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Robert Miller (Gere) should have lots to celebrate: Turning 60, he has his health, a loyal wife (Susan Sarandon, Cloud Atlas) and a megasuccessful firm he's about to sell for a tidy profit. But Robert is duplicitous; he's actually in dire straits financially, and sunk if the sale fails to go through within the week.

And then things actually get bad.

A poor decision begets a tragic accident, which begets more poor decisions. Suddenly, just the risk of losing his shirt seems positively quaint in hindsight.

Smart, adult-oriented thrillers that can excite without relying on action scenes are a rare breed these days, so when one comes along that satisfies — even not completely — it’s a reason for a quiet celebration, preferably between you and a DVD player, and then to tell your closest friends.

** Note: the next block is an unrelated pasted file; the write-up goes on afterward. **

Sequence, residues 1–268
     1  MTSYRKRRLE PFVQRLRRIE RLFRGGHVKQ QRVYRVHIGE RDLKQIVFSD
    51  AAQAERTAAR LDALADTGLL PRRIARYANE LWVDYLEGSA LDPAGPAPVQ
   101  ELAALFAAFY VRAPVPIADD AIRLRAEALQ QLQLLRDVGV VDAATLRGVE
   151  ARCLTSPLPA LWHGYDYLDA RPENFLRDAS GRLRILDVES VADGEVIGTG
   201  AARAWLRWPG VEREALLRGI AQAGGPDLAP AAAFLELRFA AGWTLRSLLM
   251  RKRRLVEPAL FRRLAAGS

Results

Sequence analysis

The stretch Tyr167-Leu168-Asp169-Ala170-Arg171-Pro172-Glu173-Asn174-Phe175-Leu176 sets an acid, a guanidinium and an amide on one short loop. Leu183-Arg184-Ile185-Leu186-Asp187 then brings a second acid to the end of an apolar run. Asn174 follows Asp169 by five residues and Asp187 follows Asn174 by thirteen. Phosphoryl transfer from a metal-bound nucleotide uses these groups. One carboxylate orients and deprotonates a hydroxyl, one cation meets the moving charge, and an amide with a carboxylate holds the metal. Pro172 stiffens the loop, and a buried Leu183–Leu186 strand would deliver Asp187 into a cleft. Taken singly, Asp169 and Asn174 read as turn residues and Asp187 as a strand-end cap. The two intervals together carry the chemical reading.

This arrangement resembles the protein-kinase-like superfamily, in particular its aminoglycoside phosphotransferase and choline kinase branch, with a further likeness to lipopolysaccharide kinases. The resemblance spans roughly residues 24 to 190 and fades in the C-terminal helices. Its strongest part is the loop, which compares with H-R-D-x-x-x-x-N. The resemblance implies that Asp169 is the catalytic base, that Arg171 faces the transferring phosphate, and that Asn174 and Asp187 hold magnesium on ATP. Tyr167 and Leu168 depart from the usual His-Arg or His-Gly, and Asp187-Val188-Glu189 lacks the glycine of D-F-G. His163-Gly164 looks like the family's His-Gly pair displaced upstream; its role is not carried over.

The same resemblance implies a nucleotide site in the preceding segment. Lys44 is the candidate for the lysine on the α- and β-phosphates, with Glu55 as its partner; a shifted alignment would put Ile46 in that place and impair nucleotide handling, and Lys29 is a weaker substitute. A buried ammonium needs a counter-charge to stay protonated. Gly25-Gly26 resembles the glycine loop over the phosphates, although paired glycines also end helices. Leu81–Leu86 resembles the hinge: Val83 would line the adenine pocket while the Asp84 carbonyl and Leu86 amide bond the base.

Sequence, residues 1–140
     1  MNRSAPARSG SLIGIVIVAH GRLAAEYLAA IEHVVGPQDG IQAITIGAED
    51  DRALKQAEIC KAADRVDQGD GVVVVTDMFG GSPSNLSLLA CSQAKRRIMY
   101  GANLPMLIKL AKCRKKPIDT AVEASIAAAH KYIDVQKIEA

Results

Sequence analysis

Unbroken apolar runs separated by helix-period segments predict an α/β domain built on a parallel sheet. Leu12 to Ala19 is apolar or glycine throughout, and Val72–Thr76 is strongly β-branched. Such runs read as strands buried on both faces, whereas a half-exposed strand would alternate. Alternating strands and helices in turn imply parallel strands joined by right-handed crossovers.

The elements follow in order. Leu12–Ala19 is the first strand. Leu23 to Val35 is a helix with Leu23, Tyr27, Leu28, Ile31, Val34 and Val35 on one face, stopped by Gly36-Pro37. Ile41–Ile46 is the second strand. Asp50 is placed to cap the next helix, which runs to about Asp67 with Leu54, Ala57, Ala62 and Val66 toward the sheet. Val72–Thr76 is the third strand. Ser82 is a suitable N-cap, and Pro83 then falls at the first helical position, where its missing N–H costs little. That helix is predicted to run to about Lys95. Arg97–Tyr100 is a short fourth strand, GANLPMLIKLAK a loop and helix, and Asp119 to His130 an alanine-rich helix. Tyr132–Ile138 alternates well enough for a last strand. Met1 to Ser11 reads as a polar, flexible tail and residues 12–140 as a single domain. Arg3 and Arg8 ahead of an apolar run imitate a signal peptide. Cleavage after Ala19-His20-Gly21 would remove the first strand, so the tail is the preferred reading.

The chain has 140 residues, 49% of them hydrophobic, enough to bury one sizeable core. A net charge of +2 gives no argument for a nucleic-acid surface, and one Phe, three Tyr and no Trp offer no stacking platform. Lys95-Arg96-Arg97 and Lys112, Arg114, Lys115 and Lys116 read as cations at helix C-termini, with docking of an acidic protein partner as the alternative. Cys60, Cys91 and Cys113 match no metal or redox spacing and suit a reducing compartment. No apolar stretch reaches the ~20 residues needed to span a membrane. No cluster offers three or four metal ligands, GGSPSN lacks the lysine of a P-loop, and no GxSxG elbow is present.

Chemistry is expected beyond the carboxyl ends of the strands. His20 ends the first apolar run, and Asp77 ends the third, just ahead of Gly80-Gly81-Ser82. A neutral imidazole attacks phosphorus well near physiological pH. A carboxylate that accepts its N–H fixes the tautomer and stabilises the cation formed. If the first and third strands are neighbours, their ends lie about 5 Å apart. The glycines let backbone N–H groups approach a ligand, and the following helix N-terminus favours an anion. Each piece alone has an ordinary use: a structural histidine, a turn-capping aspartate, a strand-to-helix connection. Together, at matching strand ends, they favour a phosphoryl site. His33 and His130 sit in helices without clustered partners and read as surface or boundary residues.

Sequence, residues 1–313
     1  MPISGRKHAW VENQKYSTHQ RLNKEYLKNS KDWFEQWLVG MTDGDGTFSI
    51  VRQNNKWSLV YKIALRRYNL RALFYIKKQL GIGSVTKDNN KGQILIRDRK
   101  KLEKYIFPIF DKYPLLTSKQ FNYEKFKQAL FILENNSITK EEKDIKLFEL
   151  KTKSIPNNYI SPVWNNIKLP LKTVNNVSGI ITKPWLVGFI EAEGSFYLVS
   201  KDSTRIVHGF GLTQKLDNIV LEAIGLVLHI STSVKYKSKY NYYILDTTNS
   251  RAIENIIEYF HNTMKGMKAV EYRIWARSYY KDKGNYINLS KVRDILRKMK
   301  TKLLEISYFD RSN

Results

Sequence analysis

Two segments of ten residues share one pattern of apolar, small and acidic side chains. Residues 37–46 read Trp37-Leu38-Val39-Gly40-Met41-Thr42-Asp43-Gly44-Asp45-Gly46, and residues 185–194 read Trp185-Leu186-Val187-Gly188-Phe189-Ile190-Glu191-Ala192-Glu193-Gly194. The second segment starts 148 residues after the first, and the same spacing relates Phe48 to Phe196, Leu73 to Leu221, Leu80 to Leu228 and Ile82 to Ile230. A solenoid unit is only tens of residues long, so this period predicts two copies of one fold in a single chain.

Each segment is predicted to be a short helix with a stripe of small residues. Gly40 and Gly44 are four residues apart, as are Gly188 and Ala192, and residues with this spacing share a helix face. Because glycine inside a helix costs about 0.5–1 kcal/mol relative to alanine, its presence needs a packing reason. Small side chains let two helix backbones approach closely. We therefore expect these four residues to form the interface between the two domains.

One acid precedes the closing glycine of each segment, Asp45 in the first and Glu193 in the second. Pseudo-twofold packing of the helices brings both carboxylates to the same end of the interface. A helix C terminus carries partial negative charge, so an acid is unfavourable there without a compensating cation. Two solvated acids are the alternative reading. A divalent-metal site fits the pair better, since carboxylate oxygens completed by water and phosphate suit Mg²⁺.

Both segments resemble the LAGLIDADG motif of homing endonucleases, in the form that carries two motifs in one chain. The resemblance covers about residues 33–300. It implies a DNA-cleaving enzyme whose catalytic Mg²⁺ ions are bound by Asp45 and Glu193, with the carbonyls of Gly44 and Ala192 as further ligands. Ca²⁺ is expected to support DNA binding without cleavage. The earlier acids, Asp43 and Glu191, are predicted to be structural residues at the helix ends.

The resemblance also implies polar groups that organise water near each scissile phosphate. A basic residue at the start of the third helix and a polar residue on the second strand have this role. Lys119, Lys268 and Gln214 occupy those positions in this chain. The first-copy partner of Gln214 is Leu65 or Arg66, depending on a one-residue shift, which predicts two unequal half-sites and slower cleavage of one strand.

The feature debut of writer-director Nicholas Jarecki, brother of documentarians Eugene (Freakonomics: The Movie, The House I Live In) and Andrew (Capturing the Friedmans, Catfish), Arbitrage has lots to offer, and Gere’s powerhouse performance of a deeply flawed man is just the start. Set in a currently relevant environment, the script generates suspense out of strategy — moves made by his daughter (Brit Marling, Sound of My Voice), a police detective (Tim Roth, clearly having a ball) and an old “friend” from the past (Red Tails’ Nate Parker, in a breakthrough role) who somehow ends up with the most to lose. —Rod Lott

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Freakonomics: The Movie DVD review   
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